5 RESULTS Effect of repeated oral dose of MSBE on mechanical and thermal hyperalgesia in chronic constriction injury model Chronic constriction injury of sciatic nerve resulted in a significant development of mechanical hyperalgesia in ipsilateral left paw by the increase of nociceptive responses to pin prick (nociceptive score) when compared to sham group at 9 and 16 days (p<0.001) (Fig. 1A). Likewise after CCI surgery rats displayed a significant decrease in PWL with respect sham animals at the same time, indicating that thermal hyperalgesia was also established (p<0.001) (Fig. 1B). MSBE (500 mg/kg, p.o.) treatment during 8 days from 9 days post-cci significantly attenuated CCI induced nociceptive responses to pin prick (p<0.001). In addition, the animals treated with this extract increased its PWL compared with water-treated group at 16 days (p<0.001) after injury. Treatment of pregabalin also produced similar effects. Effect of MSBE histopathological changes in chronic constriction injury model CCI induced abnormal histopathological changes observed by light microscopy in the longitudenal section of sciatic nerve undergoing Wallerian degeneration (WD). In Fig. 2A and B, the cellularity was increased in relation with the sham CCI as the result of Schwann cell proliferation and macrophage infiltration, fragmentation of the myelin sheath into myelin ovoids that are contained in the Schawan cell cytoplasm (digestion chambers), axonal degeneration that resulted in the loss of the orderly alignment of axons. The treatment with MSBE (500 mg/kg, p.o.) during 8 days from 9 days after injury attenuated CCI-induced WD-related changes (Fig. 2C). Pregabalin also attenuated these changes (data not shown). Effect of single oral dose of MSBE on mechanical and thermal hyperalgesia in chronic constriction injury model Nociceptive response to pin prick increased significantly by day 14 post-cci (p<0.001). Also, PWL decreased significantly at this time point compared with sham CCI (p<0.001). Results indicated that both, mechanical and thermal hyperalgesia were developed in injured paw. After single oral MSBE administration on day 14 nociceptive score decreased (p<0.001) and PWL increased (p<0.001) compared with water-treated control group respectively from 60 min. These effects are maintained until the last evaluation at 3 h (Fig. 3A and B, respectively). The reference drug pregabalin also produced similar effects. DISCUSSION The most important feature of this study was to be the first approach to the evaluation of MSBE extract on a neuropathic pain model (Bennett and Xie, 1988). Chronic administration of this extract attenuated the mechano-hyperalgesia and thermal hyperalgesia on ipsilateral paw during the severity peaking at 16 days. In addition, acute oral administration of this extract also decreased neuropathic manifestations on 14 days post-cci. These evidences suggest the potentiality of the MSBE to modulate some of the molecular targets implicated in neuropathic pain mechanisms through of its long term effects mediated mainly by transcriptional changes with its main implications on nitroxidative stress, inflammatory response, apoptosis and neuroplasticity (Latremoliere and Woolf, 2009; Garrido et al., 2005). Previously, we advised that MSBE could be used to treat neuropathic pain supported in preclinical data and some preliminary clinical reports with Mangifera indica extract formulations (, 2010; 2011). Particularly, MG contained in this extract has an antinociceptive action mediated by endogenous opioids, K ATP channels and adenosine (Lopes et al., 2013). At present is also recognized that this xanthone exerts peripheral antinociceptive actions via L-arginine-nitric oxide-cgmp pathway activation in formalin test (Izquierdo et al., 2013) and possibly a modulatory effect on noradrenergic system, also involved in pain transmission could be expected, since its reversible mono-amine oxidase inhibitory activity have been reported (Tomić et al., 2005). J Pharm Pharmacogn Res (2014) 2(2): 40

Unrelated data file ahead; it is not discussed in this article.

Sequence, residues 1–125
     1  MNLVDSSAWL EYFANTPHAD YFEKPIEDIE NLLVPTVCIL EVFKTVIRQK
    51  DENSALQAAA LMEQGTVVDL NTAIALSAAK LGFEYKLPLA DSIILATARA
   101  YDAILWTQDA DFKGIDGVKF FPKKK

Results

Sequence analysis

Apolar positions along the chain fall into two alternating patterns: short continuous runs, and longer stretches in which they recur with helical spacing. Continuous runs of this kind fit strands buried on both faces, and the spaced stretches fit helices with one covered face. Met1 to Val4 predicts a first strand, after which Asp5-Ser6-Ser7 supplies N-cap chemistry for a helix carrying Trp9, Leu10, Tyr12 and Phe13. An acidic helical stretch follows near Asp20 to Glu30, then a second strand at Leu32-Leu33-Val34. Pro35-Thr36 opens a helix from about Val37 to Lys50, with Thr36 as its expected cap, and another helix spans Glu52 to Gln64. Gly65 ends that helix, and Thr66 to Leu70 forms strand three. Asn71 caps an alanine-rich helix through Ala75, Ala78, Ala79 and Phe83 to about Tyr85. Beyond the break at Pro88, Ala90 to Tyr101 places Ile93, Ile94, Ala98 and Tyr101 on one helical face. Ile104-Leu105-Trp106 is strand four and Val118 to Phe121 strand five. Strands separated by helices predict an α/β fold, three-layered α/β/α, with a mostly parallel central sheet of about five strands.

6 Mechanical hyperalgesia (Nociceptive score) PWL (sec) A B MSBE vehicle sham CCI Pregabalin *** *** MSBE vehicle sham CCI Pregabalin 1 *** *** 5 0 Before CCI 9 days 16 days 0 Before CCI 9 days 16 days Figure 1A. Evaluation of the mechano-hyperalgesia in the ipsilateral hind paw of sham and chronic constriction injury (CCI) rats treated with Mangifera indica L extract (MSBE) (500 mg/kg, p.o.), pregabalin (10 mg/kg, p.o.) or vehicle during 8 days from 9 day post-cci as determined by pin prick test. Nociceptive scores of sham rats did not change at 9 and 16 days. Nociceptive scores of CCI rats were significantly elevated with respect to sham animals. MSBE reduced nociceptive scores similar to sham animals compared to water-treated group. Pregabalin-treated group also shows similar results. B. Evaluation of the thermal hyperalgesia in the ipsilateral hind paw of sham and CCI rats with the same treatment. Paw withdrawal latency (PWL) of sham animals did not change at 9 and 16 days. CCI rats decreased significantly PWL with respect sham CCI. MSBE increased PWL similar to sham animals compared with water-treated group. Each column represents the responses of 10 animals per group as mean ± SEM. *** p<0.001 represents the statistical difference between treated groups and control (vehicle), while ### p<0.001 represents the statistical difference between CCI with respect sham CCI rats. Figure 2. Effect of the treatment with repeated doses of Mangifera indica L. extract (MSBE, 500 mg/kg, p.o.) during 8 days on histopathological changes induced by CCI. A, B and C show the longitudinal-section of sciatic nerve 5 mm distal to the lesion of CCI rats treated with vehicle, sham CCI and CCI mononeuropathic rats treated with MSBE, respectively. In B note the low cellularity and the orderly alignment of axons and their associated with myelin sheaths in sham CCI. In figure A head arrow shows the cellularity increased relative with non-injured nerve (sham CCI) as result macrophage infiltration and Schwann cell proliferation. The black arrow indicates one of the several Schwann cell digestion chambers with myelin ovoid (the red roughly oval mass). C pre-treatment with MG shows decrease in the CCI-induced derangement of nerve fibers and increase in the number of cells and degradation of myelin sheath. J Pharm Pharmacogn Res (2014) 2(2): 41